In the wake of Utah’s latest snowstorm, it may seem like it’s been an especially cold winter.
Technically, it has been colder in Salt Lake City lately, when compared with average temperatures for the area dating back to the 19th century. But in actuality, it’s only been “slightly colder” than normal.
The average high in Salt Lake City since Nov. 1 has been about 32.6 degrees, according to Mike Seaman, a lead forecaster at the National Weather Service office in Salt Lake City.
“Normally, we’d be at 33.4,” he said. “So, not quite a full degree below normal.”
According to the weather service, temperatures have been also somewhat below average for three of the past four months in Salt Lake City:
November • 37.2 degrees (4.5 degrees below normal)
December • 33 degrees (0.8 of a degree above normal)
January • 33.5 degrees (2.1 degrees below normal)
February • 32 degrees, as of Feb. 20 (3.3 degrees below normal)
Those average highs are nowhere near Salt Lake City’s winter records, though — an average high of 29.6 degrees in November 1880; 18 degrees in December 1932; 11.5 degrees in January 1949; and 16.3 degrees in February 1933.
“I wouldn’t necessarily say it’s significant,” Seaman said of this year’s cooler temperatures. But cold winters are also “a little different” in Salt Lake City because of inversions, he said.
“Some of our coldest years are actually our driest years, when that really cold air gets stuck down here in the valley,” he noted. “We can have several weeks where we’re well below normal down here, and Alta’s sitting in the 50s. But yet, we’re dry.”
It’s just ‘snowed and snowed and snowed’
With such an active snow season, Salt Lake City hasn’t experienced as many inversions this season, which means temperatures haven’t been as low as one would expect.
For the same reason, though, the snowier weather may be why it’s felt considerably colder lately.
“Personally, that’s my perception,” Seaman said. “It seems like it’s just been snowing and cold for a long time. You always hear people talking about how, ‘Oh, back in the day it used to snow like this.’ And it feels like one of those winters when it just snowed and snowed and snowed.”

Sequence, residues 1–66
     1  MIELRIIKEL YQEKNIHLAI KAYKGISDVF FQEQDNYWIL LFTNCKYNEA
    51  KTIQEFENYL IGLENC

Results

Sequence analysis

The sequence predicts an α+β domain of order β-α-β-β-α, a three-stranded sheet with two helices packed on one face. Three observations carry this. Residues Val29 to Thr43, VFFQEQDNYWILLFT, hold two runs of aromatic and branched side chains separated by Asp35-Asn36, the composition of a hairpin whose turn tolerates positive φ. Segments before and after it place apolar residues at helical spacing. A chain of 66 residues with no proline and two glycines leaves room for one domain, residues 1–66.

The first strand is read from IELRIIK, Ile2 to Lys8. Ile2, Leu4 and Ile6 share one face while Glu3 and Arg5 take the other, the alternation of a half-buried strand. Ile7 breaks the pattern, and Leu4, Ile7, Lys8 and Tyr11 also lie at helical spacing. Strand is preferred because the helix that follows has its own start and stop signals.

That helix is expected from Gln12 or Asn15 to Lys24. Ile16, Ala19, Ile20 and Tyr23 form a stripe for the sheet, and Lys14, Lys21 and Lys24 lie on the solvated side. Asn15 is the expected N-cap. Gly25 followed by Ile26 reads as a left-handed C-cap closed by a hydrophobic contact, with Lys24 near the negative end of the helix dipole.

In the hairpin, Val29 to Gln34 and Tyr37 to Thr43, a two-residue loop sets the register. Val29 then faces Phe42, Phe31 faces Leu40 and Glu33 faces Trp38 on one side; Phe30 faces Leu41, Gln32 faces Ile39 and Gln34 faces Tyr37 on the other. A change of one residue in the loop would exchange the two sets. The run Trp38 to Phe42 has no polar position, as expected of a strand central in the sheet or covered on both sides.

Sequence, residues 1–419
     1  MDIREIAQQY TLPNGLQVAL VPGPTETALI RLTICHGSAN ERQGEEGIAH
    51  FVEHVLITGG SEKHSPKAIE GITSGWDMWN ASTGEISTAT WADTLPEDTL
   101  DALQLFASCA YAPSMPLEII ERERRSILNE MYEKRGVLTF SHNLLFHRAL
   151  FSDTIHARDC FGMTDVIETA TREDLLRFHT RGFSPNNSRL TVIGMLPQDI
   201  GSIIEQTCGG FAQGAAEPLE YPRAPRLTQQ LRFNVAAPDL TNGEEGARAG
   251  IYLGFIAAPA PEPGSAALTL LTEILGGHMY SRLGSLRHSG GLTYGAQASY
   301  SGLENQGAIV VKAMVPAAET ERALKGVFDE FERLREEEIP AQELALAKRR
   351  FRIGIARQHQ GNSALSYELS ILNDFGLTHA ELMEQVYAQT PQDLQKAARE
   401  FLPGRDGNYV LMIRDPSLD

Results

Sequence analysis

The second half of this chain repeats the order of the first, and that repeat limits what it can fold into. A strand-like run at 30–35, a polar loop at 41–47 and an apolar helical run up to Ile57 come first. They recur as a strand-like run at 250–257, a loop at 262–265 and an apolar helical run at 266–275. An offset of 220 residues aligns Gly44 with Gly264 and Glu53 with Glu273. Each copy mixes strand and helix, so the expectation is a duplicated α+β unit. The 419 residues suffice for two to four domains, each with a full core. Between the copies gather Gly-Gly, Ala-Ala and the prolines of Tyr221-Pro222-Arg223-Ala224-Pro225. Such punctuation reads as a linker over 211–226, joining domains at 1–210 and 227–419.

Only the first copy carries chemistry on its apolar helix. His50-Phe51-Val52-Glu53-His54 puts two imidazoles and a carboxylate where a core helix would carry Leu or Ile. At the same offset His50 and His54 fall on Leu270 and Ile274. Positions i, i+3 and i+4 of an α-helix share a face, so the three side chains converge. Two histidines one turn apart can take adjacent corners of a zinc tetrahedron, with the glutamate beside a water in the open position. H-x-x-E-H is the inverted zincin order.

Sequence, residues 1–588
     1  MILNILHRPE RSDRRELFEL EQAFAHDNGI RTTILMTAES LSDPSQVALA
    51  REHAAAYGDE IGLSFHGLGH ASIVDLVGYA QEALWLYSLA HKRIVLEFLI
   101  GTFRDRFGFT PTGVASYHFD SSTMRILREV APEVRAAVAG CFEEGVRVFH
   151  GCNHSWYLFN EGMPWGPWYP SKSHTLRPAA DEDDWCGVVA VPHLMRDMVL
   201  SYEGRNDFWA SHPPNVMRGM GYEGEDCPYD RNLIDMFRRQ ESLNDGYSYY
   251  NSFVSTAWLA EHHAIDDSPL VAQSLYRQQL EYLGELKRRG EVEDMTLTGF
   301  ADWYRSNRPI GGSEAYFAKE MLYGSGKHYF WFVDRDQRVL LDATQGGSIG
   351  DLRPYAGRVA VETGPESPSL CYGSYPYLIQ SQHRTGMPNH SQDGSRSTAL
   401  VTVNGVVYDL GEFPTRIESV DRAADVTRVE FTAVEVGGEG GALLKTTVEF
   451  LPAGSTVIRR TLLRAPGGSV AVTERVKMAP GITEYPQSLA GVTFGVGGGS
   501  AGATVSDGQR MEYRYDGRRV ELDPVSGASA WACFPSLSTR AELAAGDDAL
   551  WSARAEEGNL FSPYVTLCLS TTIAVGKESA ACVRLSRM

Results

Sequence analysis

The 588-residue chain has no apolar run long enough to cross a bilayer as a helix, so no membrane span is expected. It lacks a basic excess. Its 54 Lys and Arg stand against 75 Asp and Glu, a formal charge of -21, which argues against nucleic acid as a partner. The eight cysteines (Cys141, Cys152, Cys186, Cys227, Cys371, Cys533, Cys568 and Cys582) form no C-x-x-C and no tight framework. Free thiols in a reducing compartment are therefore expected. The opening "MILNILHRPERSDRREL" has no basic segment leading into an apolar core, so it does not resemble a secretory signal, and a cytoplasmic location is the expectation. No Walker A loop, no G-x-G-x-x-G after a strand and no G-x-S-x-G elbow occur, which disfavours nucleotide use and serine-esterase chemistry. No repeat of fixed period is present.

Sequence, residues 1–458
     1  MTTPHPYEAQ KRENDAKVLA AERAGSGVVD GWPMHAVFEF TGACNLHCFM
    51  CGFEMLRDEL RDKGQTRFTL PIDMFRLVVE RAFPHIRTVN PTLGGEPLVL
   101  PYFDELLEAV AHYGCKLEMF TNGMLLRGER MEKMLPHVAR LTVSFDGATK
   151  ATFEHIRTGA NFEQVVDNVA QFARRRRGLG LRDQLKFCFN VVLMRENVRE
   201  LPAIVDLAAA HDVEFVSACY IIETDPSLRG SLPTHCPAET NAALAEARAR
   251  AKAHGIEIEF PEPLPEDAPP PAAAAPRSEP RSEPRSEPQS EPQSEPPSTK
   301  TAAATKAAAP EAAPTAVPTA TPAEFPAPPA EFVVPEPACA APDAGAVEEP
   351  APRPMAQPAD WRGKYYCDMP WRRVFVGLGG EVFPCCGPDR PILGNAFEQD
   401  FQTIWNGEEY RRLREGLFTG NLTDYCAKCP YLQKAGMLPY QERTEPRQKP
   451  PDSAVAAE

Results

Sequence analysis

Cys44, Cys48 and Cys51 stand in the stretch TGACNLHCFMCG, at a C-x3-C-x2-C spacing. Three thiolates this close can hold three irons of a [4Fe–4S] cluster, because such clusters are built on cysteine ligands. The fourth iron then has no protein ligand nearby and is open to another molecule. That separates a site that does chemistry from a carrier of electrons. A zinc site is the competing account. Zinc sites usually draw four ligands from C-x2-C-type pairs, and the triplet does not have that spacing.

By comparison, in terms of significance, it’s “definitely been a wetter year than we typically see,” Seaman said.
Salt Lake City International Airport in particular has received about 1.66 inches more precipitation than normal since Oct. 1, when the water year began.
“What’s more significant is that the mountains — which is where most of our water comes from — are running well above normal,” Seaman noted.
Statewide, Seaman said Utah is at about 150% more precipitation than normal, adding that Alta and Brighton ski resorts specifically have both received more than 500 inches.
That surplus is good amid Utah’s long-term, extreme drought. But “obviously,” Seaman said, “we still have a way to go.”
February, March and April are generally the wettest months for Utah, he said, but there are no guarantees. For example, last winter started out strong with a lot of snow in December, “and then it just completely shut off.”
“So there’s always a fear that that could happen,” he said. “But, right now, it doesn’t look like that.”
The latest storm stood to put another 2 feet — “maybe even 3 or 4” — of snow on the ground in the mountains this week, he said. “And it looks like we’ll continue that way into March.”
Whether the favorable weather patterns will hold through all of March and into April is a matter of debate.
In the meantime, two big questions remain: How is the snowpack looking? And is there potential for flooding?
The answers: “Looking great, and we don’t know,” Seaman said, adding that there’s “certainly the potential we could see some flooding issues this spring.”
“We have so much water up in the mountains,” he said, “and if we get too warm too fast, that’s going to come down pretty quickly.”
“Ideally, you just kind of have a gradual warm-up, and just bring everything down in an orderly fashion,” he said. “It’s too early to really tell how it’s going to pan out.”